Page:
Five bucks says you can

by Lisa Rothstein on 12/29/2010


Working with your talents
, and –more to the point –getting paid is not always easy. But what if you were only asking five bucks?

That’s the idea behind a new website fiverr.com (yes the two “rr’s” are on purpose). On it, people can offer pretty much any service, as long at they only charge $5.00 for it. Note, this has nothing in common with the freelance sites where people of questionable skills and mysterious nationalities offer peddle website designs and 500-word articles written for a few dollars, underbidding legitimate solopreneurs. On fiverr, users typically offer a bite-sized version of what they do, or a random item or service that is clearly not meant to be a professional activity.

But what can you get for five bucks? You’d be surprised.  Very surprised.

Services are divided into categories, such as writing, video, advertising and music. But these really don’t do the diversity and creativity of the offerings justice. On my last visit, there was someone offering to write rap lyrics for a hip-hop song, have a professional photo taken of them holding up a sign of your choice, draw your comic book character concept, do a voice over, and even “solve your problems or issues” …all for just five smackeroos. And this was not even in the fun and bizarre category, where offers included drawing a cartoon depicting your death (yikes) and video of the service provider dancing to any song of your choice dressed in a hot dog costume.

But why would any self-respecting creative person with any talent want to offer the fruit of their talents for only $5.00? There are a number of reasons, some amazingly practical.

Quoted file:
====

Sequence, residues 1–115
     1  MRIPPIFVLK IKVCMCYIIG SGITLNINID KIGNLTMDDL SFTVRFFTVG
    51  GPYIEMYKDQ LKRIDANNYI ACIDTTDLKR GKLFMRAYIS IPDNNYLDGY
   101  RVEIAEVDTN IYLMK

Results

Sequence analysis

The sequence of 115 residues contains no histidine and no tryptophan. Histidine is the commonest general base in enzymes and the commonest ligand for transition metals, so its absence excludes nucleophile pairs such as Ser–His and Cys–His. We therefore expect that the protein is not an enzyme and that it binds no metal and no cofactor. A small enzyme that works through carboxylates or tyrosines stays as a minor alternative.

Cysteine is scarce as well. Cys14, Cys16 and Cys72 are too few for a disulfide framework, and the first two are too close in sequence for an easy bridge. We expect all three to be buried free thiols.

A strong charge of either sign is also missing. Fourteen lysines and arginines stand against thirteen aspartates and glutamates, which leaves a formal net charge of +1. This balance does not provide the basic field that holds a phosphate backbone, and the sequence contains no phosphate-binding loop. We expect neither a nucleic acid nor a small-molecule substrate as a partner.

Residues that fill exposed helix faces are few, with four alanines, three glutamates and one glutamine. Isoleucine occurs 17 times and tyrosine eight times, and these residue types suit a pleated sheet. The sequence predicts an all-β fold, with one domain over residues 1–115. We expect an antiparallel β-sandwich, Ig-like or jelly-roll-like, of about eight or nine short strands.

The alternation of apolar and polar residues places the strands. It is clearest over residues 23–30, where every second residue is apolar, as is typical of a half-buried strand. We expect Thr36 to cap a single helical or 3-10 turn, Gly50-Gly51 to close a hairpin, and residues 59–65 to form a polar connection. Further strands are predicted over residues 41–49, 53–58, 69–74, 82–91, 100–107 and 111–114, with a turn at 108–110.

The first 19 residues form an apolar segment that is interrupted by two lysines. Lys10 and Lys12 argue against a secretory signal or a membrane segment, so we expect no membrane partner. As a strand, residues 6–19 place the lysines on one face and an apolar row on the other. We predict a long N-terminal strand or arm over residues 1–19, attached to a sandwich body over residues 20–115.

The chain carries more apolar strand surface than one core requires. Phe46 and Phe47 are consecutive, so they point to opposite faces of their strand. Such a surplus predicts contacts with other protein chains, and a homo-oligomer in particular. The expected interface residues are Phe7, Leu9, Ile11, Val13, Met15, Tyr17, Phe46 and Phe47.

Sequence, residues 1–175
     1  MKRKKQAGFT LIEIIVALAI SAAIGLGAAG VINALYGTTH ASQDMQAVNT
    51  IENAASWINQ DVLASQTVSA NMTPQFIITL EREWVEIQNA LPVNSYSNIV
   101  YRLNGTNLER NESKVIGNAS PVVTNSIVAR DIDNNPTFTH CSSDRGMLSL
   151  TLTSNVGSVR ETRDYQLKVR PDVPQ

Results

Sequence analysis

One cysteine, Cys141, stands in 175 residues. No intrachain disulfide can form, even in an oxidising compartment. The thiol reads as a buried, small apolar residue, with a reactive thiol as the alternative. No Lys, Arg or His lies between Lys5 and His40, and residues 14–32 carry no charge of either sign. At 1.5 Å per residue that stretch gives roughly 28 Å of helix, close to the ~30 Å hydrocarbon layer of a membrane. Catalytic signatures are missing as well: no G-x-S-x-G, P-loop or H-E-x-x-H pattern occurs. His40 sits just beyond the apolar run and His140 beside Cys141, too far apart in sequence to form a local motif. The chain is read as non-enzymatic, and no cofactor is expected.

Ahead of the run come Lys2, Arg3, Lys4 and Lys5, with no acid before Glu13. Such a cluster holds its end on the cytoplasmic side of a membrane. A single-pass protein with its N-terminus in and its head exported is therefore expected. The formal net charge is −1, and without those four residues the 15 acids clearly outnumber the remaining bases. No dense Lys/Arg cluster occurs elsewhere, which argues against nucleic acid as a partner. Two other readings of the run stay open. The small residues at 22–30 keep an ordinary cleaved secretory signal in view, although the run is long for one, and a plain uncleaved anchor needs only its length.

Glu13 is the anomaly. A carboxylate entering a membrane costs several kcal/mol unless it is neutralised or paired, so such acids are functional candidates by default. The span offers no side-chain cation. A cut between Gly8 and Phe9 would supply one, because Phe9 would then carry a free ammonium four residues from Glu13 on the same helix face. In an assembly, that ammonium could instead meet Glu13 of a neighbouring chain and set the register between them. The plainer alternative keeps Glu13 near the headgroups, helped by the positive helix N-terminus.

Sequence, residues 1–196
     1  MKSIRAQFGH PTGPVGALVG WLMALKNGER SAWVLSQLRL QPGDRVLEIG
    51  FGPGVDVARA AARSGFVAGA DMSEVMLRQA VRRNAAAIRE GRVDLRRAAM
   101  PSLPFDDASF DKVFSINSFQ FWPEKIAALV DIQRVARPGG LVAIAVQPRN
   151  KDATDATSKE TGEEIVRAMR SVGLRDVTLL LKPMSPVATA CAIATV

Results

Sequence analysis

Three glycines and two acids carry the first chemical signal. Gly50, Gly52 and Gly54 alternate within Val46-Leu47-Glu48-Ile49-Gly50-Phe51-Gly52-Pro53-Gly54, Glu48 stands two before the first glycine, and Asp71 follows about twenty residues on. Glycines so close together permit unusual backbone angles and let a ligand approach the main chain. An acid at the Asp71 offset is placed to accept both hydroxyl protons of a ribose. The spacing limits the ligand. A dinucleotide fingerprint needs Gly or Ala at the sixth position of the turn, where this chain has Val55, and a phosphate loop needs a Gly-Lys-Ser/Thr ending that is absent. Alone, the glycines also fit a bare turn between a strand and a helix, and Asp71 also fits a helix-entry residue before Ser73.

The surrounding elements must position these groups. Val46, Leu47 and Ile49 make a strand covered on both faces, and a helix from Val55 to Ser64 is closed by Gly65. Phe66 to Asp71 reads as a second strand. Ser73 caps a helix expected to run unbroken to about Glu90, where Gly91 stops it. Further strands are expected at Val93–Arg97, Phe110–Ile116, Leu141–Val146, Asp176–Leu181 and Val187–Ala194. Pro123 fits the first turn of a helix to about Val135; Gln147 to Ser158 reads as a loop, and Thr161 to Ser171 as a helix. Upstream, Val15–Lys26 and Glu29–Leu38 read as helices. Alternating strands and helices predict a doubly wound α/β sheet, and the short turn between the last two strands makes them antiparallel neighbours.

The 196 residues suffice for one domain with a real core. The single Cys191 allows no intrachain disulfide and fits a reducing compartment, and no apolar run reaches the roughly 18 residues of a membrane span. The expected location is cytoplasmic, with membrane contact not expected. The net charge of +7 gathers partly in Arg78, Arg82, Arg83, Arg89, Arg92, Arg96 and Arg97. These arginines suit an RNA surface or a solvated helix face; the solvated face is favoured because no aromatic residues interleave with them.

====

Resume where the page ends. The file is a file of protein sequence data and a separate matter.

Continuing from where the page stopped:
New clients. Fiverr gives artists a chance to “audition” at low risk to everyone. Once you’ve got a new — and hopefully happy — customer, you can charge your regular rate. Your customer will have seen for herself that you’re worth it.

Market research. Why go through the trouble of offering a product or service, maybe even creating a website and drumming up business, if you’re not sure if anyone wants your hand-painted dog sweaters or customized wedding toasts? Or maybe you’re not sure what niches of people to target. Fiverr gives you a chance to “run it up the flagpole and see who salutes.”

Working out the kinks. When you offer a service or product at such a low rate, you have the latitude that it still be in beta-dress-rehearsal-work-in-progress mode.  This frees you from the demon perfectionism and allows you to learn and course correct as you create.

Free publicity. Fiverr.com is a social network, so its users talk to each other about the services they’ve found and rate them. And because it’s fairly new it is getting a lot of viral buzz all over the internet. People are apt to tell others about the great work a graphic designer did on a logo or a composer did on an original jingle. The fact that it only cost them $5.00 makes them raving fans.

Just for the fun of it. The best thing about fiverr is that everyone there seems to be enjoying their talents and themselves.  It’s a playground for creative expression. Some of the ideas are random and goofy, but it seems there’s a customer for pretty much everything, and that’s a joy to behold.
Activity: You don’t have to be on fiverr.com to use the above principles when working with your talents. Answer these questions: What would it take to give yourself permission to get out there before you’re perfect, and improve as you go? What small “taste” of what you do could you offer to get new people in your door? What ideas could you “float” to learn more about your customers and what they want? How can you have more fun working with your talents?

Want to to re-publish this article?  You’re in luck — it’s allowed if you include the author’s name, a link to this original post and the following text blurb:

Are you struggling with too many talents, skills, ideas? You may have The DaVinci Dilemma™! Find tools, fun quizzes, coaching, inspiration and solutions for multi-talented people at http://www.davincidilemma.com/ .

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